ut us up in wishes, Might with effects of them follow our friends And show what we alone must think; which never Returns us thanks."
All's Well that ends Well," Act i. sc. 1.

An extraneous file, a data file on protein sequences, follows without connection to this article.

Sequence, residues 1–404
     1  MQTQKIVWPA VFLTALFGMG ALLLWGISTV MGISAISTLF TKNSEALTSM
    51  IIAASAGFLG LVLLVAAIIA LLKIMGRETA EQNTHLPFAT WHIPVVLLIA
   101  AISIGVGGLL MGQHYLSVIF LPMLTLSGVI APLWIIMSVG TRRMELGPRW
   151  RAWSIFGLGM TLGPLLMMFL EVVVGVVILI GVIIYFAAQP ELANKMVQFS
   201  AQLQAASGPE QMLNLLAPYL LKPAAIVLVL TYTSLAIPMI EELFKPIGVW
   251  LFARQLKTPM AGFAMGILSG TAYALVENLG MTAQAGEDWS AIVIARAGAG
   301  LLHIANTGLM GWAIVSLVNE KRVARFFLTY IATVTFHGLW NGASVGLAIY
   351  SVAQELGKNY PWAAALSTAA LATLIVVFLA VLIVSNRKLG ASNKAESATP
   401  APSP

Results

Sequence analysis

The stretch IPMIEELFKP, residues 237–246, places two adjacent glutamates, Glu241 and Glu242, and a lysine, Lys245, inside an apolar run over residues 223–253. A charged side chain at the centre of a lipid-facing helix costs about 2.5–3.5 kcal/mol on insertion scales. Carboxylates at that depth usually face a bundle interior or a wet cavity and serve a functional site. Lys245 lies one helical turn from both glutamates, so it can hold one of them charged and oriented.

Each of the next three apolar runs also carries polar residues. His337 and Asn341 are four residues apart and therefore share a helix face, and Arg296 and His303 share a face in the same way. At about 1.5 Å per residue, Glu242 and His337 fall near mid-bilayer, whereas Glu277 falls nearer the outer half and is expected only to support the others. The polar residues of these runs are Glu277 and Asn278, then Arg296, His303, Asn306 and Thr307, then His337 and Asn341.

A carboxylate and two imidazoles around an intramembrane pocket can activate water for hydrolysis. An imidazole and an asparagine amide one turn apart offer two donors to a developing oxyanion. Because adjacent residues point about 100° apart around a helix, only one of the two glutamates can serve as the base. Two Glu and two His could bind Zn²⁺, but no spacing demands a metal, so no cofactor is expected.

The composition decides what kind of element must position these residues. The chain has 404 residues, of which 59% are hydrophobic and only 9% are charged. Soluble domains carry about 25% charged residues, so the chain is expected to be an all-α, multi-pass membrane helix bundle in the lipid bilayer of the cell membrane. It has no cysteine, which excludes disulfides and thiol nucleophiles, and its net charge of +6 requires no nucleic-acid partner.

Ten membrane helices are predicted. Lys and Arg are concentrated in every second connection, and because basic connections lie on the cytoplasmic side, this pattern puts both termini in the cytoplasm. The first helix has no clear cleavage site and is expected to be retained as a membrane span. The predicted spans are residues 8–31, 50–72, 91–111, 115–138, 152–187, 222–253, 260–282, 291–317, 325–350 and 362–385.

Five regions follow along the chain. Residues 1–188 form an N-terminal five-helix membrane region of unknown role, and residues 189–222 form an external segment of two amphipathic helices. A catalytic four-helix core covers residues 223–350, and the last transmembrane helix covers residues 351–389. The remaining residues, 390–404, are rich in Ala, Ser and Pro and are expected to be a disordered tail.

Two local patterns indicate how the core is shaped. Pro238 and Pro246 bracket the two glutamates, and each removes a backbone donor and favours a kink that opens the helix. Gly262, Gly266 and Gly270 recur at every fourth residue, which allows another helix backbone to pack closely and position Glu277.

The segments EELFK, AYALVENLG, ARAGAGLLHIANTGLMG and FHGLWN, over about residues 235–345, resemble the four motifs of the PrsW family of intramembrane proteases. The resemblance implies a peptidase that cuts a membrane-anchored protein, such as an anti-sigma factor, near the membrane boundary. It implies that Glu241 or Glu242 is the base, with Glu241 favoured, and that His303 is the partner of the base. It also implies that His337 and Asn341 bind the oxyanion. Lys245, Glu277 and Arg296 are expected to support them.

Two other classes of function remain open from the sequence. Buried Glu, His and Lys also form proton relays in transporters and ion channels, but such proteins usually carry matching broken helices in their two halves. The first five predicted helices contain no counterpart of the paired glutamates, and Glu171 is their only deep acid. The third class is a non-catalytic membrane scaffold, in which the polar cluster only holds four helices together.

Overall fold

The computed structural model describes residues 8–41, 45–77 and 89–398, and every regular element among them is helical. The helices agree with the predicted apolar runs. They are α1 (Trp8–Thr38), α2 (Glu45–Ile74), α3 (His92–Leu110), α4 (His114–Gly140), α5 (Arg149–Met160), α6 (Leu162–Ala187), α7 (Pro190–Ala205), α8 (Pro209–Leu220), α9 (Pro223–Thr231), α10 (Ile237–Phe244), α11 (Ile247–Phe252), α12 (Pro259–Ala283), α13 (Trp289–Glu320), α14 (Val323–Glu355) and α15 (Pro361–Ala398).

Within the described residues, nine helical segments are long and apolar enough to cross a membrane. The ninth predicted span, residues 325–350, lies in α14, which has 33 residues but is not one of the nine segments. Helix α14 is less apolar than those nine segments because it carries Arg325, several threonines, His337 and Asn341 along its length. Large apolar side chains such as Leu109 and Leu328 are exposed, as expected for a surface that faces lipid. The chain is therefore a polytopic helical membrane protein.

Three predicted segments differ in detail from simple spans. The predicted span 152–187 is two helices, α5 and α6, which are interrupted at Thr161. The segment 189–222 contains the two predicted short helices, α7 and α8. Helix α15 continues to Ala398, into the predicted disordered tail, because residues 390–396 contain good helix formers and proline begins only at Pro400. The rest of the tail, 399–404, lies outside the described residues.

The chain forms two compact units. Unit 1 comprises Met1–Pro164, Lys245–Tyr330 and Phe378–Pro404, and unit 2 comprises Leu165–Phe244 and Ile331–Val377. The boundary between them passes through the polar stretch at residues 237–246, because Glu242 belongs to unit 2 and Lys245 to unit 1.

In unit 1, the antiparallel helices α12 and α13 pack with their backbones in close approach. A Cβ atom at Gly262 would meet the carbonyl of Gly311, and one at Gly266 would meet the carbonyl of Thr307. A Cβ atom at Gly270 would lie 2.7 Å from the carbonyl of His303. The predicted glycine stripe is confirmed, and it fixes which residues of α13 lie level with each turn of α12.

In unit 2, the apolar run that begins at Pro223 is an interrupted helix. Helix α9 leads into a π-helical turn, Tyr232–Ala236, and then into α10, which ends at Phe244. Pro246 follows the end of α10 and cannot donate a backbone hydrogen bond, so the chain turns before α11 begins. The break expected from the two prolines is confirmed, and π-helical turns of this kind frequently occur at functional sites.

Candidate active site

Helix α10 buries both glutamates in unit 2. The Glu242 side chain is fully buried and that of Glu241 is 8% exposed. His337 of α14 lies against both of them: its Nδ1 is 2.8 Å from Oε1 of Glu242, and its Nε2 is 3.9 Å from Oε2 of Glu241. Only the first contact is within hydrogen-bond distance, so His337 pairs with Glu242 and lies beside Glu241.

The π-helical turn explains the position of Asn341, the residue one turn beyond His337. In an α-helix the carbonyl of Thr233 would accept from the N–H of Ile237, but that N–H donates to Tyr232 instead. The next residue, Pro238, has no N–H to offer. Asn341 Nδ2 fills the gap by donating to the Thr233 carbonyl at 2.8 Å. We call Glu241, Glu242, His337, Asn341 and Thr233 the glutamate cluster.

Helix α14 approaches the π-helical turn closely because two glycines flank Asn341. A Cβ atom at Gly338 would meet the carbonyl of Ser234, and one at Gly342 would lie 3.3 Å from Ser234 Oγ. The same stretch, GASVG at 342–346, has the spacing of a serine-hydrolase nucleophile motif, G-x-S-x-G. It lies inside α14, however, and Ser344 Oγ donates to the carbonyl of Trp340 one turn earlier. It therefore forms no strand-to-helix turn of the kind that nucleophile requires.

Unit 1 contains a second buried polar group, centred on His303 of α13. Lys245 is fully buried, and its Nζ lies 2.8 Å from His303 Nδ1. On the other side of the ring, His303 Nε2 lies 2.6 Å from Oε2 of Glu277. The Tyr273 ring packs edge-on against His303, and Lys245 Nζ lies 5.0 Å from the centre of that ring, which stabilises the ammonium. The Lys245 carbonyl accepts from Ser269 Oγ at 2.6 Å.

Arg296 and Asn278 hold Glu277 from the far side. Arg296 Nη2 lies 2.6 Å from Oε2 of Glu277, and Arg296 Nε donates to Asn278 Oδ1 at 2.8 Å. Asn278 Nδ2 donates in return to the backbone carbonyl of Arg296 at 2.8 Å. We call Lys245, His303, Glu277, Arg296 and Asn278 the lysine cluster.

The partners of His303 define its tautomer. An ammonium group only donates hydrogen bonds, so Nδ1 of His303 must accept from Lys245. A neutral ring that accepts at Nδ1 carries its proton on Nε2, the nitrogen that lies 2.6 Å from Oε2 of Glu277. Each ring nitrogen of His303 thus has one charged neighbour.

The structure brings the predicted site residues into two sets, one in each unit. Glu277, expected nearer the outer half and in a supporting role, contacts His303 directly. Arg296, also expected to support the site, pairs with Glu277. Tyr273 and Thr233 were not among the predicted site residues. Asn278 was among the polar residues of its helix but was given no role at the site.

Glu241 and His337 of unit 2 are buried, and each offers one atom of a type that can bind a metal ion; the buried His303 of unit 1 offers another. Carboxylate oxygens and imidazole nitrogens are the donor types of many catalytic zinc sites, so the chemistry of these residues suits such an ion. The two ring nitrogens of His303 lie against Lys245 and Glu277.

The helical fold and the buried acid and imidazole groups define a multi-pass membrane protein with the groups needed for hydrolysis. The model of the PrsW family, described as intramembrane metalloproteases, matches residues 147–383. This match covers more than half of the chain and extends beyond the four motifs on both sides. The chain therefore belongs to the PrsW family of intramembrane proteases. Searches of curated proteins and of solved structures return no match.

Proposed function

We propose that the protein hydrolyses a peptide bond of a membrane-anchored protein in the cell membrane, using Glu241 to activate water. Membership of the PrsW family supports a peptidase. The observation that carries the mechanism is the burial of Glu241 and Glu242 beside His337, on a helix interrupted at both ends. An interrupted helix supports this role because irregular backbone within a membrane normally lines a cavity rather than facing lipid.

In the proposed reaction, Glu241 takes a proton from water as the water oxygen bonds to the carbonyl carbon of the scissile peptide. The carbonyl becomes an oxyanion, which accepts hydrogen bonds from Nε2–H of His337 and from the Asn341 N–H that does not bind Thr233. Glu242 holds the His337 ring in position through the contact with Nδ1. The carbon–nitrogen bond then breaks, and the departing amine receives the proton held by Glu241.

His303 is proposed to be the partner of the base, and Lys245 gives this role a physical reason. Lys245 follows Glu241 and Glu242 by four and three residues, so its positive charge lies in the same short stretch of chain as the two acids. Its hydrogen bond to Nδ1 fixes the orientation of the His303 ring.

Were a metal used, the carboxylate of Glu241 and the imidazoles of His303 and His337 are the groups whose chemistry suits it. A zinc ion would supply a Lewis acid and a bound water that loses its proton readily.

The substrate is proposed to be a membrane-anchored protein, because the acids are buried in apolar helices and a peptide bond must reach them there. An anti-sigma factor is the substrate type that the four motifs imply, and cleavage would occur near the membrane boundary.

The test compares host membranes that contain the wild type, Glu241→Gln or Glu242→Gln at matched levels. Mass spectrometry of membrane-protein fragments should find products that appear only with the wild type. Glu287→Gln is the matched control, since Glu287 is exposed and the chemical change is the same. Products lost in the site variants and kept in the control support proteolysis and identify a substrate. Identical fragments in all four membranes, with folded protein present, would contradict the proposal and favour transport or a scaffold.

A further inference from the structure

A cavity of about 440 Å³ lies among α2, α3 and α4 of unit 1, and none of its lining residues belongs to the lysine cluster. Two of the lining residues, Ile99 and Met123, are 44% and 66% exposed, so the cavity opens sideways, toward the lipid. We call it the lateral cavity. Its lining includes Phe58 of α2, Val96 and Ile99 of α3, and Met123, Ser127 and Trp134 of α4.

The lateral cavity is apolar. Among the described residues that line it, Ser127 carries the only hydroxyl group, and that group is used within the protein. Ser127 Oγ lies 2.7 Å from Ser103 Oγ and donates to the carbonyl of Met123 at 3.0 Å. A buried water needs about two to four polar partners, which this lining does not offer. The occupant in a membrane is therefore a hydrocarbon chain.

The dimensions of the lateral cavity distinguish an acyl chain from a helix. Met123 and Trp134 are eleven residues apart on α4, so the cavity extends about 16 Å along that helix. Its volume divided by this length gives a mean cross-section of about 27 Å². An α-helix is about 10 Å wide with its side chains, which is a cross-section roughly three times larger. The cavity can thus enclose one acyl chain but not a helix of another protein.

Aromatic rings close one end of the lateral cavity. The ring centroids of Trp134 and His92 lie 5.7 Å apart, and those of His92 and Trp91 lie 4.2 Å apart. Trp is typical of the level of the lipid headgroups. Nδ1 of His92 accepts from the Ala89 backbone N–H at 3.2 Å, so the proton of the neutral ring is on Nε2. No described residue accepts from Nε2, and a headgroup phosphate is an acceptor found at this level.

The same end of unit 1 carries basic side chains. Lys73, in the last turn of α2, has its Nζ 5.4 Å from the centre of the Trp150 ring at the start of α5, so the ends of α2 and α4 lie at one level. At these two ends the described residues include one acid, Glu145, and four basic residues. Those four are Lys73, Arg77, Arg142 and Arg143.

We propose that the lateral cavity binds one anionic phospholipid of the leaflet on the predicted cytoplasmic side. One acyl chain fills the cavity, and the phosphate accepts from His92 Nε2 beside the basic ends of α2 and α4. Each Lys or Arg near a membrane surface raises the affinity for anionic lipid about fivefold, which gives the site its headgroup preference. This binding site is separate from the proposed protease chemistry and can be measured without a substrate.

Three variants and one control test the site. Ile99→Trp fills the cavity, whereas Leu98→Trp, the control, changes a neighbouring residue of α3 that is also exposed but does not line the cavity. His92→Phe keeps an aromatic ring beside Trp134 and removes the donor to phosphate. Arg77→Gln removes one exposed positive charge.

Though, if this will not fit the supposed date of that play, he may have taken the idea from "The Woorke of Lucius Annaeus Seneca concerning Benefyting, that is too say, the dooing, receyving, and requyting of good turnes, translated out of Latin by A. Golding. J. Day, London, 1578." And even during the Restoration, Pepys's ideal of virtuous and lettered seclusion is a country house in whose garden he might sit on summer afternoons with his friend, Sir W. Coventry, "it maybe, to read a chapter of Seneca." In sharp contrast to this is Vahlen's preface to the minor Dialogues, which he edited after the death of his friend Koch, who had begun that work, in which he remarks that "he has read much of this writer, in order to perfect his knowledge of Latin, for otherwise he neither admires his artificial subtleties of thought,